Following the onset of the COVID-19 pandemic and subsequent lockdowns, software engineers' daily life was disrupted and they were abruptly forced into working remotely from home. Across one exploratory and one confirmatory study ($N$ = 482), we tested whether a typical working day is different to pre-pandemic times and whether specific activities are associated with activity-specific satisfaction and productivity. To explore the subject domain, we first run a two-wave longitudinal study, where we found that the time software engineers spent doing specific activities (e.g., coding, bugfixing, helping others) from home was similar to pre-pandemic times. Also, the amount of time developers spent on each activity was unrelated to their general well-being, perceived productivity, and other variables such as basic needs. In our confirmatory study, we found that activity satisfaction and productivity are predicted by activity-specific variables (e.g., how much autonomy software engineers had during coding) but not by activity-independent variables such as general resilience or a good work-life balance. Additionally, we found that satisfaction and autonomy were significantly higher when software engineers were helping others and lower when they were bugfixing. In contrast, autonomy was lower during meetings and when writing emails. Also, contrary to anecdotal evidence, software engineers' satisfaction and productivity during meetings was not lower compared to other activities. Finally, we discuss implications for software engineers, management, and researchers. In particular, active company policies to support developers' need for autonomy, relatedness, and competence appear to be particularly effective in a WFH context.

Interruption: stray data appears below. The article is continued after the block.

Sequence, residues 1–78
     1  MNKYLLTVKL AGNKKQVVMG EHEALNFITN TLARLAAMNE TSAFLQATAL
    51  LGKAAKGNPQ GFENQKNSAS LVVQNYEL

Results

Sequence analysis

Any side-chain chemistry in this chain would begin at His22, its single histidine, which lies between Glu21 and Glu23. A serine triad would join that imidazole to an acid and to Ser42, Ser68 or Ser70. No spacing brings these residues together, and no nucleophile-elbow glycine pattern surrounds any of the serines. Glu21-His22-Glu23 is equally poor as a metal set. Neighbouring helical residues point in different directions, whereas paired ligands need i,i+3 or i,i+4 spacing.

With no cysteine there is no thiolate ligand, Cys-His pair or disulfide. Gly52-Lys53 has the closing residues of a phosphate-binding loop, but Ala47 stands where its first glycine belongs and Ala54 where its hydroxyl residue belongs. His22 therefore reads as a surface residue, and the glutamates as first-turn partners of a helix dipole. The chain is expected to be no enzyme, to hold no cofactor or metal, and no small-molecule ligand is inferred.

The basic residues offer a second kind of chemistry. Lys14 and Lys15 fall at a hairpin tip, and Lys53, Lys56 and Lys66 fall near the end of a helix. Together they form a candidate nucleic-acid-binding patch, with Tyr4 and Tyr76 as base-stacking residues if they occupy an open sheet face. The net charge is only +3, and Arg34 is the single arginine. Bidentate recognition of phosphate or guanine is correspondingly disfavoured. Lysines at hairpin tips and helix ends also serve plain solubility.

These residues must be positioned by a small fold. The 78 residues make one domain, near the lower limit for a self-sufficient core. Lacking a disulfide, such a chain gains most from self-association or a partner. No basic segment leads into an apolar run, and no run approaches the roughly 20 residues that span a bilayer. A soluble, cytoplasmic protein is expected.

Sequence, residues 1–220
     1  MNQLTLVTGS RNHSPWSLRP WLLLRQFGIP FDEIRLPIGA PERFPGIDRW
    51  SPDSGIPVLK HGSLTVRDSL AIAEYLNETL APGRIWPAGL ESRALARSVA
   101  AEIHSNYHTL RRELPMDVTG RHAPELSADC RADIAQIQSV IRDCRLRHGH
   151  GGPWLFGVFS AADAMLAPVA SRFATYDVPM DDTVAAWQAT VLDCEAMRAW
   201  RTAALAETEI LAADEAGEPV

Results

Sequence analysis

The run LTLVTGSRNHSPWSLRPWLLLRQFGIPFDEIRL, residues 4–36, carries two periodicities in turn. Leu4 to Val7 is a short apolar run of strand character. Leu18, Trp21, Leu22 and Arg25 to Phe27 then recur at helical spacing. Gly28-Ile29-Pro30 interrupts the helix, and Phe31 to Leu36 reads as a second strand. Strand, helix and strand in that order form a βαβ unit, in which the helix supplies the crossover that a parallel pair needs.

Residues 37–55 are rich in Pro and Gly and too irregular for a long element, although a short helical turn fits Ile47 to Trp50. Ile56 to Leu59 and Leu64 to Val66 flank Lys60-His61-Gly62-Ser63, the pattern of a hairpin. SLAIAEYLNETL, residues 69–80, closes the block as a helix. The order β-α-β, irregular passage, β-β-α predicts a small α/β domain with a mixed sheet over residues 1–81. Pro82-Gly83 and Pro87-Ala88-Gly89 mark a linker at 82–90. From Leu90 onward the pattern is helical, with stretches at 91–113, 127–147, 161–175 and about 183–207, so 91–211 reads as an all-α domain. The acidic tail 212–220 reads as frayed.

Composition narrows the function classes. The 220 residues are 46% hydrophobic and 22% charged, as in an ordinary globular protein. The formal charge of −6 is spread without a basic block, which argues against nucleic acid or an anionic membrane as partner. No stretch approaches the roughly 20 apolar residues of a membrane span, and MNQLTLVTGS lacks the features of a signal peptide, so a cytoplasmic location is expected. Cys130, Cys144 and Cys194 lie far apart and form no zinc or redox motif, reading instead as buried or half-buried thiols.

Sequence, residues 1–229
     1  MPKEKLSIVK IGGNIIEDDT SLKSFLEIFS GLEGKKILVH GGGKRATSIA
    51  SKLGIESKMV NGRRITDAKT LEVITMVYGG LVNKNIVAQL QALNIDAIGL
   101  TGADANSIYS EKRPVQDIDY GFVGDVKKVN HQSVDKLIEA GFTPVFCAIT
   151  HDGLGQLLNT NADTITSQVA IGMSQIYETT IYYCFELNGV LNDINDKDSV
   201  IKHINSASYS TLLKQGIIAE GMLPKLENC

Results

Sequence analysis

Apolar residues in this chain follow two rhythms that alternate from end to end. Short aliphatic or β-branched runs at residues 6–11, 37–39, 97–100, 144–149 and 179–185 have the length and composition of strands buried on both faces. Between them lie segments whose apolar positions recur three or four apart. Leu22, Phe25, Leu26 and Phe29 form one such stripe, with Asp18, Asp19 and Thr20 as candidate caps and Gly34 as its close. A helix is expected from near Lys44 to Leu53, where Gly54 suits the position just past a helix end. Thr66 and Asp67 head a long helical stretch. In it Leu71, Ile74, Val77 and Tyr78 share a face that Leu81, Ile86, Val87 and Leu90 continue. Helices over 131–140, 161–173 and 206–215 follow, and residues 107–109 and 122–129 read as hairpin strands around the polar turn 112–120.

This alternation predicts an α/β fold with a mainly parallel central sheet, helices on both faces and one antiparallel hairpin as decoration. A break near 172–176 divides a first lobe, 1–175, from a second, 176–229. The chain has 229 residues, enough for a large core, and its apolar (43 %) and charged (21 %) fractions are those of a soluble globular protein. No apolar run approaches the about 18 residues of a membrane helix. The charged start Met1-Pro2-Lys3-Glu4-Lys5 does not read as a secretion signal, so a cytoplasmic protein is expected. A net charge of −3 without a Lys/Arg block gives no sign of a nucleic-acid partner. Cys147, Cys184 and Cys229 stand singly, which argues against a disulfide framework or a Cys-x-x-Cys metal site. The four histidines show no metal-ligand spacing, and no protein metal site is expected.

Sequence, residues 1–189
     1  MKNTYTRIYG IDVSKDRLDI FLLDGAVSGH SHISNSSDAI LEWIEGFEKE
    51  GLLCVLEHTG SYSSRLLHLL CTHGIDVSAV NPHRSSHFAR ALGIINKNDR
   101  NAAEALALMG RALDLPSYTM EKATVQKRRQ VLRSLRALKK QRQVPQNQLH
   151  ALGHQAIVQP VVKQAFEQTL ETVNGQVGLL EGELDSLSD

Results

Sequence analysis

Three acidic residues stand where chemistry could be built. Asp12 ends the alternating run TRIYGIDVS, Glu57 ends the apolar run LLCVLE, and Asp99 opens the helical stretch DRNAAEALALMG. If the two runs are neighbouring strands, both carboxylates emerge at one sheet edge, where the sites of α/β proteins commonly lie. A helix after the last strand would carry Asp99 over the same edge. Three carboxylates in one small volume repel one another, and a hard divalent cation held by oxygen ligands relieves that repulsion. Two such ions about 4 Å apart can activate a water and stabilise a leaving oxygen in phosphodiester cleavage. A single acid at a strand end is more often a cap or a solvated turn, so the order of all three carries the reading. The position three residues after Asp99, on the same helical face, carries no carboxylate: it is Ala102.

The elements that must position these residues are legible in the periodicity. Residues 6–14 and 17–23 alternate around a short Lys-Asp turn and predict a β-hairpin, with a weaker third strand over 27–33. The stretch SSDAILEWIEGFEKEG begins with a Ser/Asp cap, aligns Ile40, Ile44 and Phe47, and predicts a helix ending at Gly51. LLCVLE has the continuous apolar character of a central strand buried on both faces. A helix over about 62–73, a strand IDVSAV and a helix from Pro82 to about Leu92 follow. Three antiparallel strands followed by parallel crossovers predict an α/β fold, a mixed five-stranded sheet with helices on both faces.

|Date made available||14 Feb 2022|